Friday, March 26, 2010

Koala Rescue


 Koala Rescue
in the National Park

At the end of my walk 
early this morning
I came across
a wonderful couple
who had rescued an old
and ailing koala

 He had been noticed 
by walkers last night
at the foot of a tree
skinny and weary
too weak to climb

Unable to find him in the dark
they went searching 
early this morning
and tracked him down 
in the bushy undergrowth

I wondered whether
Grandfather koala
shown above,
as koalas tend to keep
to the same foraging corridors
and territory

He will be taken
to the wild life hospital 
and cared for

The lady told me
that there are fewer than ten koalas
in the whole 
Noosa National Park
and where it was once common
to have a sighting
they are now rare
Development and disease
have taken their toll
on the koala community

I think that we have been very lucky
to have had Speckled Butt
as a neighbour

even if only 
for a brief period.
I have not seen him since
the day I posted
of his slumbers

The lady was excited 
to hear of Speckled Butt
Every sighting is good news
when you have a population
dwindling throughout the state

such as these volunteer workers
are so admirable.



  1. Development does have a downside - always. People want to live near nature, not realizing (but how could they not?) that by doing so, nature becomes diminished.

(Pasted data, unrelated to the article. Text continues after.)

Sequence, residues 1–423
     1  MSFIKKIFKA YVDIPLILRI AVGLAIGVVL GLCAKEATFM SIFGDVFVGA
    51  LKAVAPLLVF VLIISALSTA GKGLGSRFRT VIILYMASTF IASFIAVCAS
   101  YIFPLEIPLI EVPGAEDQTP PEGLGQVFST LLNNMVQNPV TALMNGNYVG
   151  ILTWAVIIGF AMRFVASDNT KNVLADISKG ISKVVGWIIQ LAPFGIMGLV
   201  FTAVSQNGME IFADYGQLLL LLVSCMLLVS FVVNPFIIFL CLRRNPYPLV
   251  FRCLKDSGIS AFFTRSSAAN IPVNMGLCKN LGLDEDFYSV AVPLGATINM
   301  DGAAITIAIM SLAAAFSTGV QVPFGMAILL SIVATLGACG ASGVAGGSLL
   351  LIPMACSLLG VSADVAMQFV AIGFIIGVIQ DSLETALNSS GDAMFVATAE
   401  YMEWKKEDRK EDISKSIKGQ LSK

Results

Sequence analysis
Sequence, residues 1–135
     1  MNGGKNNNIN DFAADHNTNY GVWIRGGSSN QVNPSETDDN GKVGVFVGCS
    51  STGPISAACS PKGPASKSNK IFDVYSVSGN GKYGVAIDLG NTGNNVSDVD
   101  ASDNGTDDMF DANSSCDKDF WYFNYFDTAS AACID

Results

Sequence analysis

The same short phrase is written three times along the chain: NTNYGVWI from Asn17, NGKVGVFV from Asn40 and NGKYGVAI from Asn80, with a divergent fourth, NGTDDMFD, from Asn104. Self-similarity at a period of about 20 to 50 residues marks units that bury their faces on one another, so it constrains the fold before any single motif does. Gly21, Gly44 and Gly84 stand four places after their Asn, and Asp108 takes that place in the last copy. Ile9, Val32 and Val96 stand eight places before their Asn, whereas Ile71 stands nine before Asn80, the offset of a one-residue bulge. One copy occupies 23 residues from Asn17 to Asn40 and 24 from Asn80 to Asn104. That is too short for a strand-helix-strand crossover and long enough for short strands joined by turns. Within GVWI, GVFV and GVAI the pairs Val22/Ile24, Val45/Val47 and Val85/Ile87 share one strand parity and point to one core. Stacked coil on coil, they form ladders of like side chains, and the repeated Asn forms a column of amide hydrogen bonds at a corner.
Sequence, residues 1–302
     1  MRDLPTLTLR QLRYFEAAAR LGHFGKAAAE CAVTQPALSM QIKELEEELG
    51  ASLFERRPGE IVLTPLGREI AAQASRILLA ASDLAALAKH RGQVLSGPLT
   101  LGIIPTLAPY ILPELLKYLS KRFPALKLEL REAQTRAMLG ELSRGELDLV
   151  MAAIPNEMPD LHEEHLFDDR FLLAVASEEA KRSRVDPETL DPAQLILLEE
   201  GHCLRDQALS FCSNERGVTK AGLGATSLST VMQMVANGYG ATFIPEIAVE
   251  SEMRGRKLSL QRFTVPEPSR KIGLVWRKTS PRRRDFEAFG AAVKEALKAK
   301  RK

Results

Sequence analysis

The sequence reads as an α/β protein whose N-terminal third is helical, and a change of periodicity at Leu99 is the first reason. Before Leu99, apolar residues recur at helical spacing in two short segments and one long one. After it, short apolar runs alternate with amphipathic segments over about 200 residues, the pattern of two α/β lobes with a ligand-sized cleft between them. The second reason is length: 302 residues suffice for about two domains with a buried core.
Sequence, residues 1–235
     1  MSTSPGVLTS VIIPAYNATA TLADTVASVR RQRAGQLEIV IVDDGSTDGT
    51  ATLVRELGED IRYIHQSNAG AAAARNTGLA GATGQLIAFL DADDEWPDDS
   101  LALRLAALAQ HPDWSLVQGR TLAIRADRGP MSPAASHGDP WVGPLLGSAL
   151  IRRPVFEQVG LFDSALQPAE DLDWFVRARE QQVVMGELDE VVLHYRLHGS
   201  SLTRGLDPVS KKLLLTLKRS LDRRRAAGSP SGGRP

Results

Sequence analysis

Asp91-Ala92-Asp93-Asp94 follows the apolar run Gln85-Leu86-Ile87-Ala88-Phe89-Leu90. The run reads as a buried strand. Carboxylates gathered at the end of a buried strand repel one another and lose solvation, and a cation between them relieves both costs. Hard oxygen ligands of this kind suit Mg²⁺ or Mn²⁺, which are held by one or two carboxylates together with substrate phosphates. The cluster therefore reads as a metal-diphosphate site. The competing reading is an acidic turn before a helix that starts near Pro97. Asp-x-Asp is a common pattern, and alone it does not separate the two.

Are new trees planted for these koalas, or do they have to make do with whatever is left?

  2. They are wonderful people, those who look after our injured wildlife. A friend and I were travelling through the bush up to another town just recently when we came across a koala walking down the middle of the road. We stopped, it ambled off, climbed a tree and sat in a fork, listening to us rattling on. We drove on but looked back and it was peering around the trunk after us! They're so gorgeous.

  3. Hi Violet

    The problem is statewide Violet...the koala numbers are shrinking so quickly that the gov is trying to establish some aid.

    There are still many forested areas but the koala only likes particular eucalypts. In addition they have a disease like chlamydia which affects their eyes and urinary system.

    Our state, because of the enviable lifestyle, attracts many immigrants for afar and from interstate. A whole town moves here a year! This has meant considerable development and forced the koala away from the coast and its natural habitat.
    A woman at the gym was telling me today of the good work Steve Irwin's zoo (the deceased crocodile hunter)hospital is doing to save the koalas.

    Happy days

  4. Hi Alaine
    I'm glad you saw the koala before it became another statistic. I have just been reading that road kill, dogs and bushfires are also responsible for their demise.

    They are lovable creatures.

    Happy days

  5. How sad to hear that koalas are dwindling so. We are not kind enough or thoughtful enough to be able to live side by side. We tend to encroach and put others in danger of extinction.

  6. Oh, Delwyn, that is such sad news. Is there no means to help the population flourish again?

  7. Sometimes I wonder if the pervasive presence of depression in humans is not a collective unconscious guilt at what we have done to the planet and its precious inhabitants.

    The tender look on that woman's face as she cared for the Koala is touching.

    With such a dwindling population weren't you fortunate to see those two Koala's from the Butt family!